An active intruder threat involves a situation where an individual or individuals intend to cause serious harm to others.

The intruder(s)’ usual intention is to continue until stopped by police and/or suicide. These incidents are often over in a very short period of time — 10 to 15 minutes.

You will need to take responsibility for your personal safety and security. Try to stay calm and assume a survival mindset.

If there is an active intruder on campus remember:


  • If you can get out, get out.
  • If you cannot leave safely, find a place to hide.
  • If you have no other choice, fight back with aggression.

The information below provides more detail about Run-Hide-Fight and can help you make informed choices to ensure your personal safety. The following video, courtesy of the University of Alberta, also provides information that will help you in the unlikely event you ever find yourself in an active intruder situation.

If you can get out, get out. Know where the building exits are, and run in the opposite direction of gunfire or activity.

If you cannot leave safely, find a place to hide.

  • Lock and/or barricade the door if possible.
  • Turn off lights.
  • Stay away from all windows and remain in a position not readily visible through a window or door.
  • Call 911 if safe to do so and only if you have specific information regarding the threat or immediate concern for your safety or the safety of others.
  • Silence your phone and any other devices from rings and vibrations and remain very quiet. Do not make any non-essential calls.
  • Do not post information on social media that:
    • could reveal your hiding place
    • indicates where first responders are located
    • could compromise other people’s safety by contributing to feelings of panic or by spreading misinformation
  • Conceal or cover yourself behind desks, file cabinets, or other large pieces of furniture. Stay low to the floor if possible.
  • Comfort others who may be panicking and assist injured if necessary.
  • Do not answer the door once it is locked or allow anyone to talk their way inside.
  • Make a plan in case the intruder(s) gains access to the room.
  • Wait for police to arrive. Do not enter hallways, stairways, etc., until instructed to do so. Upon arrival of the police, obey their instructions, including showing your hands when asked to do so.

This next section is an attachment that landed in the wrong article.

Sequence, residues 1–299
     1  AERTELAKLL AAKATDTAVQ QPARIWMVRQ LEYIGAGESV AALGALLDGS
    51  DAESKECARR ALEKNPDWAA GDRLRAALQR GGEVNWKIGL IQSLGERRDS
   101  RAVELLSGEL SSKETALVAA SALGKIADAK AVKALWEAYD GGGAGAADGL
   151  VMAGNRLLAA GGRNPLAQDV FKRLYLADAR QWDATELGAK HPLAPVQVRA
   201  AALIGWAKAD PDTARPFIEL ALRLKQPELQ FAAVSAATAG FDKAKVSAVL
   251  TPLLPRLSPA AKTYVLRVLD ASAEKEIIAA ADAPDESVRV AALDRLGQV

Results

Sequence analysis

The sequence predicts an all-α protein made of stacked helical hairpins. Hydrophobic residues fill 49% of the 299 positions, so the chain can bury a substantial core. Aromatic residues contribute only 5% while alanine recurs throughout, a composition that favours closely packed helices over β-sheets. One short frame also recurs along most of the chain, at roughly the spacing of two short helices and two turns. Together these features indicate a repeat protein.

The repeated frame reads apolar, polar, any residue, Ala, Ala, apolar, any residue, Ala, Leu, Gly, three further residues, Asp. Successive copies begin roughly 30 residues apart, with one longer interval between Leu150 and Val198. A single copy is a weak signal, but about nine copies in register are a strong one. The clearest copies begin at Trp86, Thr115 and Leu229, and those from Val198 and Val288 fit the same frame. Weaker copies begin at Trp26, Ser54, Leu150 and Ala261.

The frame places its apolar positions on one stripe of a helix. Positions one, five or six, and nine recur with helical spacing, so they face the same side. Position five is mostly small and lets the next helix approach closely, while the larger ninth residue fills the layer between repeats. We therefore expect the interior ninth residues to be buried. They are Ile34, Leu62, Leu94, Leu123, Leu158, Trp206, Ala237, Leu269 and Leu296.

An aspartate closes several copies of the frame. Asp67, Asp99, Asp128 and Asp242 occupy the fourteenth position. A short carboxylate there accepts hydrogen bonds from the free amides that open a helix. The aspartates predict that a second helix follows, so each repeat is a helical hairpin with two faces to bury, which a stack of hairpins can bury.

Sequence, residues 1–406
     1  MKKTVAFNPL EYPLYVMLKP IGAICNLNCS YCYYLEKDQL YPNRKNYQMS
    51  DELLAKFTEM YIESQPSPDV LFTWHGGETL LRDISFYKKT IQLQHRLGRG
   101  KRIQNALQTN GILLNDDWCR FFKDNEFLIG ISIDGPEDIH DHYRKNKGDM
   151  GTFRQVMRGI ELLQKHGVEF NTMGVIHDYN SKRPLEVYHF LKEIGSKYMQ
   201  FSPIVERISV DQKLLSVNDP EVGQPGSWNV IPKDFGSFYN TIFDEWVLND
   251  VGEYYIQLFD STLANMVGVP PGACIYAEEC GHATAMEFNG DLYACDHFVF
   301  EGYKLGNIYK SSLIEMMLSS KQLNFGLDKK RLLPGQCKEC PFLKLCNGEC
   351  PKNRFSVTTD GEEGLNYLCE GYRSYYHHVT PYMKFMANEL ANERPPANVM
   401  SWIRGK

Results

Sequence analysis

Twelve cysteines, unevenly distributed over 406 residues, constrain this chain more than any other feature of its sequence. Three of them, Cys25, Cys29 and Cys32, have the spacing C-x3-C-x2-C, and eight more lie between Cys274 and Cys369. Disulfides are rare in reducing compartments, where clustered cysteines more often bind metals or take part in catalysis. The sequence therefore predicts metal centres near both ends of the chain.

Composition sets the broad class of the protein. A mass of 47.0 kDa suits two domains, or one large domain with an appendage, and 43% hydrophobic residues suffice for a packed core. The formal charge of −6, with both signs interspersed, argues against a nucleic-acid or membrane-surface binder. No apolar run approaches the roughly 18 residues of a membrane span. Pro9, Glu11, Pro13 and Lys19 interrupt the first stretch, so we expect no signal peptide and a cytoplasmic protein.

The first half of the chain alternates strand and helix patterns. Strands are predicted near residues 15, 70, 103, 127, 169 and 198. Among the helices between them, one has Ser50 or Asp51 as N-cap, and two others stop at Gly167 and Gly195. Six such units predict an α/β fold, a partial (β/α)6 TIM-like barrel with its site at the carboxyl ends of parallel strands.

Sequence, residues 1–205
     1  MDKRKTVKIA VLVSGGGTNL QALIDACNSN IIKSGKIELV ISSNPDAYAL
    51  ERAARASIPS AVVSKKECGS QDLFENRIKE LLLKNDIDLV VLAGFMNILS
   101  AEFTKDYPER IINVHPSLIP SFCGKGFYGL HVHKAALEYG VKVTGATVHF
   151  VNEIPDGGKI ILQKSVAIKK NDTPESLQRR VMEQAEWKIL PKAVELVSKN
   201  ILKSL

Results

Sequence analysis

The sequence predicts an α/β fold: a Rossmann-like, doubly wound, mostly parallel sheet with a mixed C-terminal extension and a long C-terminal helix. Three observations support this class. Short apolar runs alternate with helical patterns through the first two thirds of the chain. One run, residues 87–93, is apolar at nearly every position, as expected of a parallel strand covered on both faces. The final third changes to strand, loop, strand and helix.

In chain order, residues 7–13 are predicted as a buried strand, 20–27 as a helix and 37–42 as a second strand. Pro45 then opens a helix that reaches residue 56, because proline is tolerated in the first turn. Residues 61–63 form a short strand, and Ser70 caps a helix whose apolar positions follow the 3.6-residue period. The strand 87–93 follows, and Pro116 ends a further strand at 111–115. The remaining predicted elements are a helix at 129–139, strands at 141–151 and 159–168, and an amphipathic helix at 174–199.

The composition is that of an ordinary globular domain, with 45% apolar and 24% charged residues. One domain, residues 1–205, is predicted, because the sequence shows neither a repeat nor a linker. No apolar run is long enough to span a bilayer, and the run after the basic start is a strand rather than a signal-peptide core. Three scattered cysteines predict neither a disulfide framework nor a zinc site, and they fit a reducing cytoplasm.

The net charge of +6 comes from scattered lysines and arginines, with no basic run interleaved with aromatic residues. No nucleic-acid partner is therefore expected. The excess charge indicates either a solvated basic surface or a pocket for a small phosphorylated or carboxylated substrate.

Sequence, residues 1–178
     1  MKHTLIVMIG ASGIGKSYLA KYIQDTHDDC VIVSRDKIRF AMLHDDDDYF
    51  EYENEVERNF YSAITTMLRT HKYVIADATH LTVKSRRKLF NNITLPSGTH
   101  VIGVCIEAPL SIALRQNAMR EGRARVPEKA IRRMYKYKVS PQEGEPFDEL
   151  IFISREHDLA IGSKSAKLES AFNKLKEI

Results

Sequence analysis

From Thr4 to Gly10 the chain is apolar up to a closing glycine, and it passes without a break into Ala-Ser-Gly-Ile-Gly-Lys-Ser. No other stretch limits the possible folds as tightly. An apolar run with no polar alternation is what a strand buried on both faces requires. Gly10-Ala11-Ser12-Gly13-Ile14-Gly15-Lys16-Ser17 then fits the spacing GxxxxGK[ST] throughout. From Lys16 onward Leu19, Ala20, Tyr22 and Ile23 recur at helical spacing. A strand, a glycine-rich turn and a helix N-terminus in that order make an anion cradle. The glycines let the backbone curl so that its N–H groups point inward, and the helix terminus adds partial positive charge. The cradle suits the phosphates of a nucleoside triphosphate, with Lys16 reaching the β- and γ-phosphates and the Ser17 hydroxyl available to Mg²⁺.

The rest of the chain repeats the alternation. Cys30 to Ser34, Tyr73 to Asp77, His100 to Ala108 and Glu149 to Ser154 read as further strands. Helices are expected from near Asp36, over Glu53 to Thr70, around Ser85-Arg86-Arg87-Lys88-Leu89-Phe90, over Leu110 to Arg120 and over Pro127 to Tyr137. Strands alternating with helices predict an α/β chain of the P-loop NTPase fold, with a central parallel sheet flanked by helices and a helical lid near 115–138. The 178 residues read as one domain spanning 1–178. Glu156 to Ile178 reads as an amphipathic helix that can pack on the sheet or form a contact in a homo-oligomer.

• Remember it may be several hours before you can be safely evacuated.
  • If possible, monitor the Mount Allison website and your MtA Alerts for updates. Media reports during an emergency may be unreliable.

If neither of the above is possible:

  • Act with aggression.
  • Attempt to incapacitate the attacker.
  • Improvise weapons (scissors, fire extinguishers, etc.)

What to expect from first responders
When first responders arrive, remember they are there to stop the threat, not to treat the injured or assist victims. As police officers are approaching, ensure you keep your hands visible and follow their instructions. For their own safety, they must initially consider all individuals as potential threats. Once the environment is secured by police, other emergency responders will be allowed in to treat the injured.

Fire alarm during an active intruder threat
Should the fire alarm go off:

  • Evacuate only if you see smoke or fire.
  • If no smoke or fire is visible, remain in place until given further direction by first responders or through the MtA Alert system.

Notifications during an active intruder incident
If there is an active intruder on campus, Mount Allison will put out information about the threat as quickly as possible through the MtA Alert system. It is possible, however, that you will hear about an active intruder threat before an alert can be issued. If you suspect there is a threat, take action, whether or not you have received an alert.